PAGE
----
Can I travel while on the wait list?
Can I travel outside of the U.S. once my U Visa is approved?
How does USCIS process my case?
Can I be placed in deportation proceedings if my U-Visa is denied?
When can I become a resident?
When can I apply to become a citizen?
What to do while waiting for my U-Visa Approval?
- Avoid any negative contact with police as certain police departments can refer you to Immigration and Customs Enforcement (ICE). Negative contact includes but is not limited to:
- driving under the influence of alcohol or drugs;
- driving without a license;
- not paying tickets for crimes; and infractions
- not paying tickets for infractions.
Any negative contact with police can affect your U-Visa case.
- U Visa Approved Cases, Letter of Approval and Success Story
- Difference between VAWA and U Visas: Green Card Renewals are not automatic
- U Visa Frequently Asked Questions
- California first state to pass legislation to expedite U Visa Certifications
- U Visa vs. I601a Waiver pros and cons.
- U Visa for Victims of Domestic Violence
On November 21, 2016, we received employment authorization documents for the victim of a robbery and his derivative children.
On April 2011, our client Julian (not his real name), was beaten and robbed by a group of men. He sustained a large contusion and laceration to his face that required an emergency room visit. Julian promptly contacted authorities to report the crime and willingly cooperated with law enforcement in the investigation of the crime.
After patiently waiting for USCIS to review his application, Juan and his two derivative children are now authorized to work lawfully in the U.S. while their U Nonimmigrant Status Petition remains pending with USCIS. Until there are sufficient U Visas available, Julian and his derivative children can continue to renew their employment authorization documents every two years.
If you have been the victim of a violent crime and you wish to have your case evaluated free of charge by our legal team, please contact us immediately.
There are many petitions currently being filed for U Nonimmigrant Status and because the U Visa has a Cap of 10,000 per fiscal year, it is imperative that you file your case as soon as possible.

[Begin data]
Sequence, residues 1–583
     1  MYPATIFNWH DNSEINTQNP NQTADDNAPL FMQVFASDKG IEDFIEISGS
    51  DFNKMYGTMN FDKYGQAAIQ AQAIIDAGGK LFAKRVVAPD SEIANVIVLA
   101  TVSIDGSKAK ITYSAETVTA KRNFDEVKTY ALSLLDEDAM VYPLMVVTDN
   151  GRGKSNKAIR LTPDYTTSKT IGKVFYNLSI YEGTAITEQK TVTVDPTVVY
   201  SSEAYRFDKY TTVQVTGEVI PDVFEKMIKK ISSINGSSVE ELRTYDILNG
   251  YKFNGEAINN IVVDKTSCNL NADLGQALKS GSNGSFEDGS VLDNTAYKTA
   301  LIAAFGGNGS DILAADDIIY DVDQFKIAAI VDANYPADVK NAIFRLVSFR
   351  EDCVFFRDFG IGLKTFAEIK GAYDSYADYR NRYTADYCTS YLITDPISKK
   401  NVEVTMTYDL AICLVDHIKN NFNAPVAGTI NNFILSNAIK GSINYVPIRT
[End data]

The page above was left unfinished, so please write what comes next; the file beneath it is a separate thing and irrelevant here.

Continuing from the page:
If you are unlawfully present in the U.S., a pending U Visa Petition can protect you from deportation.
Some things to keep in mind if you have been a victim of a crime:
- some of the crimes that qualify for U Nonimmigrant Status include: domestic violence, robbery, rape, abduction, incest and murder (if a family member is murdered);
- if you are the victim of a crime you must report this crime to the police department;
- it does not matter how old or recent the police report is as long as you cooperated with the investigation;
- if you need medical attention at the time of the crime, go to the emergency room to document and treat your injuries;
- keep copies of the responding officer’s business card and ask him to write down your police report number on his card;
- if you have injuries that were not photographed by the police department, take photographs the day of the incident as well as the days following;
- comply with any requests for information or assistance from the police department or the District Attorney’s office in the investigation and prosecution of the crime. Prosecution of the crime is not necessary or mandatory to file for U Nonimmigrant Status.
If you have any questions or would like to schedule a consultation, call us at (916) 613-3553.
Disclaimer: The testimonials, case results and/or endorsements do not constitute a guarantee, warranty, or prediction regarding the outcome of your legal matter.
U Visa RFE: A Satisfied Client has reviewed us on Avvo.com
We are pleased to publish our most recent review on Avvo.com related to a U Visa Case:
Posted by Andres
September 20, 2016
I want to thank the Ranchod Law Group and particularly my attorney Yesenia Rosas for her excellent work in my U Visa case. She was persistent when the police department denied my U Visa certification multiple times and she never gave up until we successfully received the signed certification. I am very satisfied with her constant support and encouragement. She is kind and always treated me with the upmost respect. She quickly answered my questions and eased my concerns. I am also very satisfied with the Ranchod Law Group staff. They were always kind and respectful.
Yo quiero darle las gracias al Ranchod Law Group y en particular a mi abogada Yesenia Rosas por su excelente trabajo en mi caso de la Visa U. Ella fue persistente cuando el departamento de policía negó mi certificación para la visa U varias veces y nunca se dio por vencer hasta que recibimos la certificación firmada. Estoy muy satisfecho con su apoyo y ayuda. Ella es una persona amable y siempre me trato con respeto. En todo momento me resolvía mis preguntas y dudas que yo tenía. También estoy muy satisfecho con todo el personal del Ranchod Law Group que me atendió con amabilidad y respeto.